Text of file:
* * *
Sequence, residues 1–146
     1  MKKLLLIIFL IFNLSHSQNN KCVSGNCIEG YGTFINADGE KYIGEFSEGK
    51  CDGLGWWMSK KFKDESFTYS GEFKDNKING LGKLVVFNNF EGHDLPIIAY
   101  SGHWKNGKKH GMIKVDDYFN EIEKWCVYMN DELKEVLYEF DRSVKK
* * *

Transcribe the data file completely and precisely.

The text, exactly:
Sequence, residues 1–146
     1  MKKLLLIIFL IFNLSHSQNN KCVSGNCIEG YGTFINADGE KYIGEFSEGK
    51  CDGLGWWMSK KFKDESFTYS GEFKDNKING LGKLVVFNNF EGHDLPIIAY
   101  SGHWKNGKKH GMIKVDDYFN EIEKWCVYMN DELKEVLYEF DRSVKK